Posted by R. Berg on November 09, 2001
In Reply to: Latin Translation posted by Bruce Kahl on November 09, 2001
: : : : Does anyone know how to translate "Break a Leg" into latin?
: : : Crurem adflictas.
: : : A note:
: : : Adflicto is Latin for "I break".
: : : Adflictas is Latin for "You break".
: : : Both are present tense.
: : : But your phrase is a future tense command and I am not 100% sure that adflictas is correct.
: : : I suggest you surf on over to http://www.latin.fsbusiness.co.uk/ to confirm my translation.
: : crus, cruris is neuter and hence the accusative singular
is just 'crus' not 'crurem'.
: : frango, ere is a better verb for 'break'.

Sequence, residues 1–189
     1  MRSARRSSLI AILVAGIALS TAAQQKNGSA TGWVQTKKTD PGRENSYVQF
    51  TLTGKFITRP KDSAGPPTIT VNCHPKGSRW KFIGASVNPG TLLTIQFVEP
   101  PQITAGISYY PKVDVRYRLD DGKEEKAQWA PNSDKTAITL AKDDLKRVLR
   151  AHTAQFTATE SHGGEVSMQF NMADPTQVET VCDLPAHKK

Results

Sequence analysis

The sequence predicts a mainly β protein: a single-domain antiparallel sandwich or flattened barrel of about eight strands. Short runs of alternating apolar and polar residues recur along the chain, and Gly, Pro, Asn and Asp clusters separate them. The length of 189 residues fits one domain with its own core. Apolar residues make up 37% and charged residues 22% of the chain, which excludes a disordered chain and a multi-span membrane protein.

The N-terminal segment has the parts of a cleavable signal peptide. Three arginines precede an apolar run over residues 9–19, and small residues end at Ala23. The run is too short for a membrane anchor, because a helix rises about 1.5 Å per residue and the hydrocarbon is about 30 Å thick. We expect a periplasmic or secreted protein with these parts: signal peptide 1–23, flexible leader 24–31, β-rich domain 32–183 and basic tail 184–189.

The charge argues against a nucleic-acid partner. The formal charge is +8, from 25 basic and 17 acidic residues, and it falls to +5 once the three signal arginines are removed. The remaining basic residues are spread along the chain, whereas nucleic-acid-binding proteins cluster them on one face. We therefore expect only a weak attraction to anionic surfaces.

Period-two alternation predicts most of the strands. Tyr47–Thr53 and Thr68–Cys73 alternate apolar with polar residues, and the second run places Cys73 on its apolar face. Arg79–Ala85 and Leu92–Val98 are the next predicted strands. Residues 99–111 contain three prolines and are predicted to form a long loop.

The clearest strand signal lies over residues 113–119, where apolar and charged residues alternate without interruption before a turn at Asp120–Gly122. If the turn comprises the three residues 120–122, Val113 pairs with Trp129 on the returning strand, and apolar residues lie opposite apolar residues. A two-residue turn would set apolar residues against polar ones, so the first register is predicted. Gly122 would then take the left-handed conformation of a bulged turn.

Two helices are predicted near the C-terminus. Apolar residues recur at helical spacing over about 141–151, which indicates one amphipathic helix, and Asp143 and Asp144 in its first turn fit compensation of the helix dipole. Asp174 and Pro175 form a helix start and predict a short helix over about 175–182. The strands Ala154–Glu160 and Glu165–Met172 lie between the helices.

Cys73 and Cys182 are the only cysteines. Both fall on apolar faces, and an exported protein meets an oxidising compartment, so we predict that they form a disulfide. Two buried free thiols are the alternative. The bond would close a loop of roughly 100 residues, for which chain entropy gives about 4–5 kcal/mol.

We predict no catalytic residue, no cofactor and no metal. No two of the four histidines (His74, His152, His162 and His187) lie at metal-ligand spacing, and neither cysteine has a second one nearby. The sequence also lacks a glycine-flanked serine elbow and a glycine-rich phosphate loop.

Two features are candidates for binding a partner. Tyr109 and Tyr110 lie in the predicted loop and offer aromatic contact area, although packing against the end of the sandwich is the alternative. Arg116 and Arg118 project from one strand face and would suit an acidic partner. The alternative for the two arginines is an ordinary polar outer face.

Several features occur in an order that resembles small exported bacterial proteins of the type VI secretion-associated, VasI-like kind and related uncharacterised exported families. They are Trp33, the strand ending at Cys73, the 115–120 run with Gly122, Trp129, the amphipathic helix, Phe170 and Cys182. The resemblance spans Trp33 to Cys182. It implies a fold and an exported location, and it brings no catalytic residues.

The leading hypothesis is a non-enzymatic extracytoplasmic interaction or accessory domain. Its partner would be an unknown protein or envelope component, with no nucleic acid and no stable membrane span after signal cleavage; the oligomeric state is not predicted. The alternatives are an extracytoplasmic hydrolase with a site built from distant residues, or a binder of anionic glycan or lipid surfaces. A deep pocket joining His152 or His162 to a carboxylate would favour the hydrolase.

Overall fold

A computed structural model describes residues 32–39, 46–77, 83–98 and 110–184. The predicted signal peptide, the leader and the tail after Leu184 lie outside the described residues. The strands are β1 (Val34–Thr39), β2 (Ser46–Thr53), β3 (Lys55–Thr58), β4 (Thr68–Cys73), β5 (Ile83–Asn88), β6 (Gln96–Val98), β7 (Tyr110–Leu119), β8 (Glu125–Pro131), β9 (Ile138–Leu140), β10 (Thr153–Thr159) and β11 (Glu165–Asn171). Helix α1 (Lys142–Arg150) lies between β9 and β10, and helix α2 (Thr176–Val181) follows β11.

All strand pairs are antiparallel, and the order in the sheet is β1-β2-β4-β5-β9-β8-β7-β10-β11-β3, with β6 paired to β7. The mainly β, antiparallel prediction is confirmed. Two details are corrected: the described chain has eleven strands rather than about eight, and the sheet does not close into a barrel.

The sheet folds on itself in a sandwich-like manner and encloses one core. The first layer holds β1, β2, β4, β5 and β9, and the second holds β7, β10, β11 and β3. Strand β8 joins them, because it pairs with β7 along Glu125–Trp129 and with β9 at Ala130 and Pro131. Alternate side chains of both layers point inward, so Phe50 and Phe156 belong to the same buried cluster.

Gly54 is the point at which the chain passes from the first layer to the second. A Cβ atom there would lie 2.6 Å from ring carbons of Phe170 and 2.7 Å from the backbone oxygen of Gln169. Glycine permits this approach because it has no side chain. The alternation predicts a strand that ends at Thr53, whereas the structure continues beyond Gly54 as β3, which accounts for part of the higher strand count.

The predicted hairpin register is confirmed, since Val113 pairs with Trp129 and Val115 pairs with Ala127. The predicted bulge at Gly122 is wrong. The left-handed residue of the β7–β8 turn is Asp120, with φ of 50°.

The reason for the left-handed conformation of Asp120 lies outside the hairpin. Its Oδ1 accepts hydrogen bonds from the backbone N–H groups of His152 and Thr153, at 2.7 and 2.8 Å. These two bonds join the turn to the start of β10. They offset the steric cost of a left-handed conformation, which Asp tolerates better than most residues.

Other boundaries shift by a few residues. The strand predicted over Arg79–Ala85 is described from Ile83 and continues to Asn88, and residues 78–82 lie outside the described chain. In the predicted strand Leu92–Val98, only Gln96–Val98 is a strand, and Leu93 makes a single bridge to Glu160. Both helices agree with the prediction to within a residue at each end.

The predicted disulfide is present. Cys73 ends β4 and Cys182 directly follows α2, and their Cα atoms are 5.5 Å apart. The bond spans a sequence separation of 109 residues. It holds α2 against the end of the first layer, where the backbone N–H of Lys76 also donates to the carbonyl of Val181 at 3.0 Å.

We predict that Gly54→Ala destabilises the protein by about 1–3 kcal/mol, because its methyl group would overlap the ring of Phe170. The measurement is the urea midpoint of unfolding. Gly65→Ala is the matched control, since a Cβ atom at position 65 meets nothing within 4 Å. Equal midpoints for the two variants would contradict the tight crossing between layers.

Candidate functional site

: : You are quite right - the phrase is a command of sorts, but the future is not used for this in Latin - you need either the imperative voice or a present subjunctive.
: : so either - 'crus frangeas' (present subjunctive I think -
havent got a Primer with me)
: : or 'crus frange' (could be wrong there about imperative singular, plural would be 'frangite' perhaps)
: "Crus" is neuter, 3rd declension and you are correct--the accusative singular of "crus" is "crus"--very good.
: I do not agree with you on your choice of "frango".
: "Frango" suggests more of a shattering or a splintering or breaking into little pieces as in ice or pottery.
: "Adflicto" has more of a "damage" or "break" nuance to it. "Adflicto" could also mean "to injure" or "to weaken" which I think goes with the expression more than "frango".
: There is a verb "effringo" which has a "break open" sense to it as in making an omelette.
: Bellaque matribus detestata.
: The war, hated by mothers.
: (Horace, Carmina)
A leg CAN shatter rather than merely fracture. It happened to a friend of mine who had a bad fall.